A recent study entitled “‘Safe in My Own Mind’: Supporting Healthy Adolescent Development Through Meditation Retreats” was published in The Journal of Applied Developmental Psychology by Dr. Brian Galla, a researcher at the University of Pittsburgh. It explores the relationship between intensive, week long, residential meditation retreats and teen’s emotional regulation, self awareness, and cognitive functioning.
The study enrolled teens with an interest in meditation to participate in a week-long residential retreat hosted by Inward Bound Mindfulness Education (iBme) over the summer of 2016. After enrolling 79 teens; 40 attended a weeklong retreat and 39 were randomly assigned to a “non-retreat control group”.
Through several questionnaires completed by teens as well as parents, the study collected data on emotional functioning, self-regulation, and working memory from both groups of teens before and after the retreat. The findings suggest that intensive, week-long, residential meditation retreats may support psychological health and wellbeing for teens. Compared with the teen’s who did not attend a retreat, the retreat participants reported decreased feelings of depression, increased gratitude and positivity, increased emotional self-regulation, and increases in working memory.
This study also sheds new light on the outcomes of intensive, week-long, residential meditation retreats when compared to the outcomes of school-based mindfulness programs. During residential retreats, teens set aside the routines of school, extracurricular activities, jobs, and the many technologies which accompany these routines in order to prioritize meditation practices. While school-based programs may afford several minutes of formal meditation practice during a busy school day, week-long residential retreats allow teens to experience many hours of daily practice in a close community of friends, teachers, and mentors. Galla suggests week-long residential meditation retreats “offer an unprecedented opportunity for adolescents to train their minds in support of self-awareness, self-regulation, compassion, and empathy.” This study suggests that multi-day retreats may even support improvements in psychological wellbeing comparable to school-based programs spanning several months.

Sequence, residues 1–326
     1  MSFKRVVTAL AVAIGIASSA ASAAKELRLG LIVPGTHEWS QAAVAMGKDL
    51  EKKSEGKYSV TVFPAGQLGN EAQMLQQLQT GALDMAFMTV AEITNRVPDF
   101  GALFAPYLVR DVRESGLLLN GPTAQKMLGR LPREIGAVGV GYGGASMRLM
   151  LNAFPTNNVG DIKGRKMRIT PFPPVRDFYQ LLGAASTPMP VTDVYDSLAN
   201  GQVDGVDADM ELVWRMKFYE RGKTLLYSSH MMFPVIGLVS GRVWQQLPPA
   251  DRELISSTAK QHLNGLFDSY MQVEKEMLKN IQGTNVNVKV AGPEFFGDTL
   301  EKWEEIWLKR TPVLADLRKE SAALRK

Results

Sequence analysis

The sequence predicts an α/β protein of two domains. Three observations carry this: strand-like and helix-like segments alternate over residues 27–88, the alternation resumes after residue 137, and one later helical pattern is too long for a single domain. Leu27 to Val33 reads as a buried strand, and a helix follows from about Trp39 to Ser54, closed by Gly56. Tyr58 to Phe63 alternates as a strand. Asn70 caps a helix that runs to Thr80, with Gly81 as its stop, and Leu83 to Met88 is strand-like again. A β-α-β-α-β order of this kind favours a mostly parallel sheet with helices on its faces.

This study supports previous research suggesting that measures of self-compassion are important indicators of well being. In fact, these measures may be even more important than measures of increased mindfulness. When compared to the control group, retreat participants reported increases in self-compassion, which corresponded to decreases in depression and stress as well as enhanced gratitude and positivity. In contrast, retreat participants did not show improvements in mindfulness when compared to the control group, which suggests that self-compassion played a major role in promoting these positive outcomes.
Research on the effects of meditation for teens often attribute improvements to an enhanced ability for teens to maintain mindfulness, defined as non-reactive awareness to pleasant, unpleasant and neutral emotions arising from moment to moment experience. On the other hand, practices focusing on the cultivation of compassion intentionally aim to increase positive emotions of empathy and kindness toward one’s own experience and the experiences of others. While Galla notes that mindfulness likely plays an important role in the improvement of emotional self-regulation and psychological well being, he argues that this study challenges the assumption that mindfulness is the most supportive mental quality to cultivate in pursuit of adolescent health and wellbeing.
While contributing many novel insights about meditation and adolescent health, this has a few limitations. The inclusion of a control group is an important improvement over previous research about the effects of intensive, week long, residential meditation retreats. However, the study could not be randomized due to logistical challenges, so it’s possible the findings are influenced by unseen factors. Future research would benefit from an attempt to account for the impact of meditation teachers on teen’s retreat experiences. Teachers inform both the content and quality of retreats, so positive outcomes may be the result of talented and engaging teaching, rather than the practice of meditation alone. Importantly, these findings shouldn’t be used to generalize the benefits of week-long residential retreats for all teens. This study offers important insights and should help guide future research, but parents and teens should always be intentional about deciding whether or not a residential retreat is appropriate for them in their specific context.
Many factors contribute to the qualities of self-compassion, emotional regulation, and psychological well-being suggested by this study over the course of a weeklong residential retreat. As iBme Executive Director Jessica Morey has written, the iBme curriculum supports teens in developing self-awareness, compassion, and ethical decision-making with the goal of empowering teens to apply these skills in improving their lives and communities. Our experience suggests that the teachers, mentors, and teens who make a retreat possible must work together to co-create safe, inclusive, and fun spaces where teens can be honest about their challenges and successes as they connect with compassion and joy to their own experience, in their relationships with peers, and with the natural world.